Passatino v. Johnson & Johnson Consumer Products, Inc. (9th Cir. 2000) 212 F.3d 493, 507
In Passatino v. Johnson & Johnson Consumer Products, Inc., the Ninth Circuit Court of Appeals addressed the issue of retaliatory intent and the inference thereof in cases involving adverse employment actions closely following protected complaints.
Retaliatory intent refers to the underlying motive or purpose of an employer's adverse employment action against an employee who engages in protected activity, such as reporting information about workplace conditions. California Labor Code section 232.5 specifically addresses retaliation against employees who report workplace conditions. It prohibits employers from terminating or retaliating against an employee who has made such reports. The provision seeks to protect employees from adverse employment actions based on their exercise of protected rights.
In Passatino, the court recognized that retaliatory intent may be inferred when an adverse employment action closely follows a protected complaint. This inference is based on the concept of temporal proximity, which acknowledges that when an employer takes retaliatory action soon after a protected complaint, it raises suspicions that the adverse action may be motivated by retaliation rather than legitimate, independent reasons.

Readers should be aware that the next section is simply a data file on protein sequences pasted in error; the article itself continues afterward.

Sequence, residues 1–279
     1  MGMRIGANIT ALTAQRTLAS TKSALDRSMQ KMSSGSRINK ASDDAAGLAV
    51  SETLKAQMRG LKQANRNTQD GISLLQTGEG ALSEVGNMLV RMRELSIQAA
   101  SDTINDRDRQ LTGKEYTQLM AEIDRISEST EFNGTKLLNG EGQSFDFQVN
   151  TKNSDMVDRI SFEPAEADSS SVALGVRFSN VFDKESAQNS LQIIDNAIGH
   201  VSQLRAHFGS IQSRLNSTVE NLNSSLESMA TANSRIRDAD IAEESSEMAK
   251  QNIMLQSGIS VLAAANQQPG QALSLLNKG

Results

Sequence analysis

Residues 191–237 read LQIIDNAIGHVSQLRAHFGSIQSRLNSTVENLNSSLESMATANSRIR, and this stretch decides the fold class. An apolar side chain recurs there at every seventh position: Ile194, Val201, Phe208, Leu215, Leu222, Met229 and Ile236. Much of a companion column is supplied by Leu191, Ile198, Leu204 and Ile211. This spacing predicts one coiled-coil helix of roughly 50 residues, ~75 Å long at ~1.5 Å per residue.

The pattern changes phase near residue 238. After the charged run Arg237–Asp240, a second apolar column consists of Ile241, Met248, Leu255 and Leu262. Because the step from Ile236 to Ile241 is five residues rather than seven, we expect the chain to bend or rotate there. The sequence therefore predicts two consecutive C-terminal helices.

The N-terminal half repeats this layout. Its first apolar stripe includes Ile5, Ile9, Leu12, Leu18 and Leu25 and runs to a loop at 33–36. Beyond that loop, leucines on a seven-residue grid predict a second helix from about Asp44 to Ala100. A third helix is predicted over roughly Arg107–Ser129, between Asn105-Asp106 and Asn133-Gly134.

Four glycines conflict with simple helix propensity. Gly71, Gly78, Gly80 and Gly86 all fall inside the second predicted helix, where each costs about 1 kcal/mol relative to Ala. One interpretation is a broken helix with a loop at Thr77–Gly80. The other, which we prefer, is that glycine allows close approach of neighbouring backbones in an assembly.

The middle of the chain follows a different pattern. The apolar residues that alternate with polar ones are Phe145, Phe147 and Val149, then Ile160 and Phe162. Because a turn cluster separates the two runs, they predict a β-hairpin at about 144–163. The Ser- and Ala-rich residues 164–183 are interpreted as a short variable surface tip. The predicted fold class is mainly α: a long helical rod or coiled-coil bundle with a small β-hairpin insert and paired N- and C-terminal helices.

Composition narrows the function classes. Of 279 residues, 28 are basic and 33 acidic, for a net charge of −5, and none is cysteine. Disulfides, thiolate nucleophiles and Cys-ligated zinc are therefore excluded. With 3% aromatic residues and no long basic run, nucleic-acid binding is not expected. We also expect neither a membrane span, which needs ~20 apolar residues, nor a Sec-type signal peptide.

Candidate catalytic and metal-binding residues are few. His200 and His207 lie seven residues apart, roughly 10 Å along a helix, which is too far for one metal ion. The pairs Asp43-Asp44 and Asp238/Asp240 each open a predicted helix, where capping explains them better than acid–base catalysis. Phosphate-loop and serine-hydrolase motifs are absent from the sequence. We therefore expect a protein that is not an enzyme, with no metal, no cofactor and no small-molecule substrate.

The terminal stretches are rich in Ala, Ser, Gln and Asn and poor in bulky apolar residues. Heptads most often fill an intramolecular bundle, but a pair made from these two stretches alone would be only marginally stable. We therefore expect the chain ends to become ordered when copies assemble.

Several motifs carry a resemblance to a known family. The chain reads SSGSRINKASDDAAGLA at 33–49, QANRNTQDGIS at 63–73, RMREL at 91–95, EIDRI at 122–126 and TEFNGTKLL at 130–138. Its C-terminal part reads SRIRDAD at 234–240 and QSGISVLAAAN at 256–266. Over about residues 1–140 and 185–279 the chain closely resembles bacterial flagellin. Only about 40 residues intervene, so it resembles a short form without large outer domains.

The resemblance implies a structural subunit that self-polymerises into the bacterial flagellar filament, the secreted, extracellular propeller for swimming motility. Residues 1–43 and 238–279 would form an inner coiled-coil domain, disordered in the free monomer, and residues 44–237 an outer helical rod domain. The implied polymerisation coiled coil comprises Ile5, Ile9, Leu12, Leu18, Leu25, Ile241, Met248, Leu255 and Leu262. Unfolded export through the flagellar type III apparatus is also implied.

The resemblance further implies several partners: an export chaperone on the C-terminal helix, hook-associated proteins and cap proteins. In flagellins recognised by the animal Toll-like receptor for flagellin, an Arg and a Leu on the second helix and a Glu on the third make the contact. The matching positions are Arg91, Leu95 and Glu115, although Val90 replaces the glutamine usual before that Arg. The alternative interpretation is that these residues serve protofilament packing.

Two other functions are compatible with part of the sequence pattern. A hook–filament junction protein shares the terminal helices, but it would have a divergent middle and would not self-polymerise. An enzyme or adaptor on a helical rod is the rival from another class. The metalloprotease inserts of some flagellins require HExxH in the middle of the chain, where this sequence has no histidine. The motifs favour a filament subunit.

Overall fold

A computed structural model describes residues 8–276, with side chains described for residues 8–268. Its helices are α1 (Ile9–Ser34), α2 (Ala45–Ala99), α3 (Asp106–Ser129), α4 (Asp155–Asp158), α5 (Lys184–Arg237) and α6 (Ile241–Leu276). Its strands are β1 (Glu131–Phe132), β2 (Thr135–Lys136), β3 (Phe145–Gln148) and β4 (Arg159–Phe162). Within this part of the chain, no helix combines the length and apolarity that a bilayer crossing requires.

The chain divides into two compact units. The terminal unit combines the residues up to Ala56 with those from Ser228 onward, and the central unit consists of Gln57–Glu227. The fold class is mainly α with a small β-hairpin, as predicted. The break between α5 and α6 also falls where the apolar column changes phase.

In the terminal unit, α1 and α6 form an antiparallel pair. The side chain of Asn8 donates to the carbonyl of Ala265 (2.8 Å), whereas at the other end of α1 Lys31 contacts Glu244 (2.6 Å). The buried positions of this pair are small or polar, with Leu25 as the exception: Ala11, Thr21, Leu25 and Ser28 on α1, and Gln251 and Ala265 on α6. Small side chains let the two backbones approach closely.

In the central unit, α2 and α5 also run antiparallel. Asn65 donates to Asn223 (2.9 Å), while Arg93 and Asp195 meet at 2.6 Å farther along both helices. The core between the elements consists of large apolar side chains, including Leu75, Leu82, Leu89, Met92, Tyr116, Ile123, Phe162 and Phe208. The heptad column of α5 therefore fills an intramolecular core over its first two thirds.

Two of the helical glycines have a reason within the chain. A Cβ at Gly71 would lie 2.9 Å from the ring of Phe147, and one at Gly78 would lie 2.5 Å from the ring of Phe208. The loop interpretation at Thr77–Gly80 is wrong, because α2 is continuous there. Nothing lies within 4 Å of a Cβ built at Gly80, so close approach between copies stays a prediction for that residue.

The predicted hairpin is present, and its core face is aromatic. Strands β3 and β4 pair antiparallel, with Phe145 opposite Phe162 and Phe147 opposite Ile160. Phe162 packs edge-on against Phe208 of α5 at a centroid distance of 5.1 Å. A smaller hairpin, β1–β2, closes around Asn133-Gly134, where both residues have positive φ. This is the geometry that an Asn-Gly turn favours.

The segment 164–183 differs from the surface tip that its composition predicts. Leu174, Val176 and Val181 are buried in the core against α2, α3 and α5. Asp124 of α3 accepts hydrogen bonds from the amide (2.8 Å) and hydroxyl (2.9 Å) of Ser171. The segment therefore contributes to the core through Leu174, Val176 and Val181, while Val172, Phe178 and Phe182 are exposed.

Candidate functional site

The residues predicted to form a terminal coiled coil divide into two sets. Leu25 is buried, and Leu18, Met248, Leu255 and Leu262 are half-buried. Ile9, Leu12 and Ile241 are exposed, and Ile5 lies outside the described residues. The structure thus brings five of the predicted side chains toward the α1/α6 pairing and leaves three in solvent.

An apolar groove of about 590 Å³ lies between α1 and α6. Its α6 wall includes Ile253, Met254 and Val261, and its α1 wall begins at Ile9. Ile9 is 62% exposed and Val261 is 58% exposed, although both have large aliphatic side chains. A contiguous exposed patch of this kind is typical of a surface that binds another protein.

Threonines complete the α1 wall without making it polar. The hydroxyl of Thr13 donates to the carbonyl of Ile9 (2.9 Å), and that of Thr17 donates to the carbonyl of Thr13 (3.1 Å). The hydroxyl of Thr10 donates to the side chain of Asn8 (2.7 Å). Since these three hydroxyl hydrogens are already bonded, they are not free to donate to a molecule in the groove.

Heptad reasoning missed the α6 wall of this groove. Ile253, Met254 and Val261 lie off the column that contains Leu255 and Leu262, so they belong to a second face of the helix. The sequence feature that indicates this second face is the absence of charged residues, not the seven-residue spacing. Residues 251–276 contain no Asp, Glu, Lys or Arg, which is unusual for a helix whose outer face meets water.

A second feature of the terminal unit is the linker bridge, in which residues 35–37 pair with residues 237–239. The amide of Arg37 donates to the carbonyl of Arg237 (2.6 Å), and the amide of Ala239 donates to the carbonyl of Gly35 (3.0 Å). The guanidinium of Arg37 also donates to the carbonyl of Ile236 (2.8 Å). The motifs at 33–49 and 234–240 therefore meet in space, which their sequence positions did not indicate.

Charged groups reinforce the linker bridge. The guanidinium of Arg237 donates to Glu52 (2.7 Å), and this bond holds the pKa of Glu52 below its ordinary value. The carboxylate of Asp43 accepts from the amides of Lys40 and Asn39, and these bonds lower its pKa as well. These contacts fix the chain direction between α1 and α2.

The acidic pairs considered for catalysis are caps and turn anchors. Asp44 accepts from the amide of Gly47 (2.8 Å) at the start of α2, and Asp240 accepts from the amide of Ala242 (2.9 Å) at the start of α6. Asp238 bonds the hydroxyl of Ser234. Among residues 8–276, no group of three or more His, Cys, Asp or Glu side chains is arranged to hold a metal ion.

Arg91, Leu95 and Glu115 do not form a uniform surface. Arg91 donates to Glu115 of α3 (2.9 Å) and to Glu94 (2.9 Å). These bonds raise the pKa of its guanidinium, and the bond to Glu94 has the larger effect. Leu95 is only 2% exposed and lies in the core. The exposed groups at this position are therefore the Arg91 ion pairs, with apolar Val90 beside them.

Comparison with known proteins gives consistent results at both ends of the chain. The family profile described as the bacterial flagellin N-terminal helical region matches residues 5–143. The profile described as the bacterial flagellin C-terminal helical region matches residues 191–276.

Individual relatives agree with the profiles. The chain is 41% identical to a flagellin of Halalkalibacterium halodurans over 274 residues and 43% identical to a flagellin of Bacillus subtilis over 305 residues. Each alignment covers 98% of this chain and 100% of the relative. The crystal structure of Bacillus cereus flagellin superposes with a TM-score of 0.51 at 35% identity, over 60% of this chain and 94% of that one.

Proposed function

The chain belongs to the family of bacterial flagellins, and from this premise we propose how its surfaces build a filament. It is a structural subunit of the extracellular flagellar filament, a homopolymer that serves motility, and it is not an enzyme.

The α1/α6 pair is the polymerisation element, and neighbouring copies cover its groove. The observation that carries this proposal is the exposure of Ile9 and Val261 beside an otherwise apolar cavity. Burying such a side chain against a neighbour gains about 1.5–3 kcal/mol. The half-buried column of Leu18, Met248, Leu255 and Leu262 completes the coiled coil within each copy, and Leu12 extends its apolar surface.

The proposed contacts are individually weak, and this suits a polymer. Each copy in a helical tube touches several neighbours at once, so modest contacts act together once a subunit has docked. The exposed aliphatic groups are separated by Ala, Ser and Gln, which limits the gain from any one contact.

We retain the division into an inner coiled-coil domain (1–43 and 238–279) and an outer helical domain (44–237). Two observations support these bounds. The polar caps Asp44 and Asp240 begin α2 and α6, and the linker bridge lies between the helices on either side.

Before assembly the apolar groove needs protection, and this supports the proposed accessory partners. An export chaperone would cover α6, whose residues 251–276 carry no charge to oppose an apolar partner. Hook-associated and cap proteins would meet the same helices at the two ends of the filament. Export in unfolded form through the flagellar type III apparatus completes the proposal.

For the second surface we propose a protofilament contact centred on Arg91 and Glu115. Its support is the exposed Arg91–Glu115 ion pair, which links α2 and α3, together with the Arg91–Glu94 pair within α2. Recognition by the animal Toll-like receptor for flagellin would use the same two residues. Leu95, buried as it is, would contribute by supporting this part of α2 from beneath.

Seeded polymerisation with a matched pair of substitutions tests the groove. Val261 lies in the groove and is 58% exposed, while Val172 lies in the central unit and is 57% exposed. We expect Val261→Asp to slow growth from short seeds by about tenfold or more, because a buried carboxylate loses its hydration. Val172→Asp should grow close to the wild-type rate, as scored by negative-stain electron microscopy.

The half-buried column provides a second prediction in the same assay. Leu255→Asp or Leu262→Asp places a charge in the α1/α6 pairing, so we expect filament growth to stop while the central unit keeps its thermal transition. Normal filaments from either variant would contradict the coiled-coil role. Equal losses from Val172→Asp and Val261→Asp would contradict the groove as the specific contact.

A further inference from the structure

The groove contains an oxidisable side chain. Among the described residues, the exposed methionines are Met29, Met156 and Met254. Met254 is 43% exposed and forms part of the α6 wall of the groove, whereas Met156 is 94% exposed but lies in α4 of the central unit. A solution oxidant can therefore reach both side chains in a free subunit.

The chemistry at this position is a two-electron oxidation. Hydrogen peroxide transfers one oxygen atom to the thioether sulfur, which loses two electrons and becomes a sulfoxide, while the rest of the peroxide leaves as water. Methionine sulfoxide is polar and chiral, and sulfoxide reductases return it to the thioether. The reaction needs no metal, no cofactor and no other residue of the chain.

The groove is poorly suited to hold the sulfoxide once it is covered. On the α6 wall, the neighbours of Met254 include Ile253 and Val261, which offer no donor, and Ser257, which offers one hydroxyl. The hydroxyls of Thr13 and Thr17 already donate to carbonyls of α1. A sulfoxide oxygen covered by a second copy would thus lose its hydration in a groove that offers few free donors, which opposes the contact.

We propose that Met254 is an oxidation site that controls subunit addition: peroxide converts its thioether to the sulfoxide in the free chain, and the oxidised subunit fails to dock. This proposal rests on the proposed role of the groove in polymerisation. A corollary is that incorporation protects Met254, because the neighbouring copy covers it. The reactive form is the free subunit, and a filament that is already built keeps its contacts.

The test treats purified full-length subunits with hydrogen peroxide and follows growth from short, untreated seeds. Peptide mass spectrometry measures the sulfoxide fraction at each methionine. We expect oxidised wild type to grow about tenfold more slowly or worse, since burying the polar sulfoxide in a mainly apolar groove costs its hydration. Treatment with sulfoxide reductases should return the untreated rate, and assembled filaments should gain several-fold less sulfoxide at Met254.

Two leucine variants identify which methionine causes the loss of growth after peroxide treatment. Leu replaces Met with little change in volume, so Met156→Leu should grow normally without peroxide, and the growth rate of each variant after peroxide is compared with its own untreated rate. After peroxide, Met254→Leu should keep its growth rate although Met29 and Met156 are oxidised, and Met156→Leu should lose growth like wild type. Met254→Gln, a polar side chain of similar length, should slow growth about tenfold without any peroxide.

The court emphasized that temporal proximity alone is not conclusive evidence of retaliatory intent. It is just one factor to consider in the analysis. Courts will also assess other evidence and factors to determine the employer's motive, such as patterns of behavior, consistency of reasons, documentary evidence, and witness testimony. These additional elements help establish a broader context and assist in determining whether the adverse employment action was a result of retaliation.
The Passatino case highlights the importance of evaluating the totality of the circumstances in retaliation cases. Close temporal proximity between the protected complaint and the adverse employment action serves as evidence to support the inference of retaliatory intent. However, courts will consider other factors and evidence to determine the employer's true motive, as temporal proximity alone may not be sufficient to establish retaliation.